In terms of financials, there is no longer a need for a three-year track record of positive earnings; in terms of company structure, it allows those structured as variable interest entities (VIEs) or with multi-share classes to get listed. This will help to attract more new economy names to list on the onshore market.

A reform in trading mechanism

Price limits will be expanded from +/-10% to +/-20%, with no limits in the first five trading days. If this goes smoothly, it will serve as a testbed for a potential reform of the trading limits on the traditional boards. On the traditional boards, the current cap on share price fluctuations on the first day of trading is 44% and subsequently 10% a day.

A higher quality stock pool

STAR will adopt a registration-based system in contrast with the lengthy approval-based system on the current boards. The leading underwriters will also have to be the cornerstone investors which will motivate them to bring forward high quality companies. In addition, STAR will run a stricter exit mechanism to maintain a quality stock pool on an ongoing basis.

A transformation of market pricing

While on traditional boards most IPOs are priced with a cap valuation of 23x price-to-earnings, STAR will impose no limit and let the market determine the issuance price instead. The Green-shoe mechanism will also be applied to reduce the price volatility post IPO.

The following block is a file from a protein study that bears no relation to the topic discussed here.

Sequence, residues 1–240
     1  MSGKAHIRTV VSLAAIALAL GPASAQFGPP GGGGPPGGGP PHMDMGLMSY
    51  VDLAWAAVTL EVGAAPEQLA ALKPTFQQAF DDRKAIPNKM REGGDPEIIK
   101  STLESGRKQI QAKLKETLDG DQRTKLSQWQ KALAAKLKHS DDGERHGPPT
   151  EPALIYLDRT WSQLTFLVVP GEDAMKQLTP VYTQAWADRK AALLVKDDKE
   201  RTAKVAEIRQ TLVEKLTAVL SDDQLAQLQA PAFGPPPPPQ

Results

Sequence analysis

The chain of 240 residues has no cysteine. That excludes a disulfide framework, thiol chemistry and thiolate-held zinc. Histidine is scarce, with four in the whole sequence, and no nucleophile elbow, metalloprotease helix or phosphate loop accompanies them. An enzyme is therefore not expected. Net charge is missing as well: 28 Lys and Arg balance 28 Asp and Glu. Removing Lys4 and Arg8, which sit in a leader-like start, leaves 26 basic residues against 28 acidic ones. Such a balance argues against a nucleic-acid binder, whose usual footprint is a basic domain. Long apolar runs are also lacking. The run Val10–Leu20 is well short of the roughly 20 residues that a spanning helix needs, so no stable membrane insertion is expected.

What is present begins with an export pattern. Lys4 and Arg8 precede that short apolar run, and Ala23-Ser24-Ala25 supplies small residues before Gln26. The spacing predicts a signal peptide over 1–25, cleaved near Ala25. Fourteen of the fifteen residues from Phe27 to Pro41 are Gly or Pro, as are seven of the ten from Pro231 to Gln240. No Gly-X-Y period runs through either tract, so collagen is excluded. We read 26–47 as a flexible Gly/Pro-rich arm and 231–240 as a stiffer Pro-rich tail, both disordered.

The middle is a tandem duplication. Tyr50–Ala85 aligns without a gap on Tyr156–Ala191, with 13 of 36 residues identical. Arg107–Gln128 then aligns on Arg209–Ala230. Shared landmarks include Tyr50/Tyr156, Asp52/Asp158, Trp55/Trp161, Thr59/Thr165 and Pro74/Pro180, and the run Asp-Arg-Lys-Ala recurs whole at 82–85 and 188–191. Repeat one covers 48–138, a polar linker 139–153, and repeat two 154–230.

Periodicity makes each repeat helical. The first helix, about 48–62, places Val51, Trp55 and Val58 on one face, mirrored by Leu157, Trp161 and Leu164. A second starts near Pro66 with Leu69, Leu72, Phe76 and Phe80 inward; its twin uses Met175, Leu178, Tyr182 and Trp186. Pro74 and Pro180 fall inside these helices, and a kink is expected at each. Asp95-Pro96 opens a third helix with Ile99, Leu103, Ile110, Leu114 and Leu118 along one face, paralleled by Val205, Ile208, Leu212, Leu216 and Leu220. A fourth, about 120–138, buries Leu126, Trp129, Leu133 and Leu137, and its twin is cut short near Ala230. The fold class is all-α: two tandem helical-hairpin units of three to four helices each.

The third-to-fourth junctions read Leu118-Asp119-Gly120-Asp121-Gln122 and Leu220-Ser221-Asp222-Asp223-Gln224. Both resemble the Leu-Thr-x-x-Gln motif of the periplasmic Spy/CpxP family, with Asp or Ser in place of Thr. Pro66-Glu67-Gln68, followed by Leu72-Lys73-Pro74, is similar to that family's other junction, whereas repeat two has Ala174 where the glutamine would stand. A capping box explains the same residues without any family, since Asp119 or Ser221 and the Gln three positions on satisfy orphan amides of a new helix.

A higher bar for participants

Only institutional investors as well as those retail investors with rich investment experience (>2 years) and certain assets under management (>Rmb500k) are allowed to participate in STAR. This shows regulators’ clear intention in reducing volatilities where the strong presence of retail investors on traditional boards is believed to be one source of market ups & downs.

A platform for China’s growing number of unicorns

China has already set a target to become a world leader in artificial intelligence (AI) by 2030.2 This STAR is thus aimed at attracting and financing innovative companies (those in areas of high-end equipment, biotechnology & health care, IT, new materials, renewable energy, energy saving and environmental protection) that will drive China’s future AI competitiveness.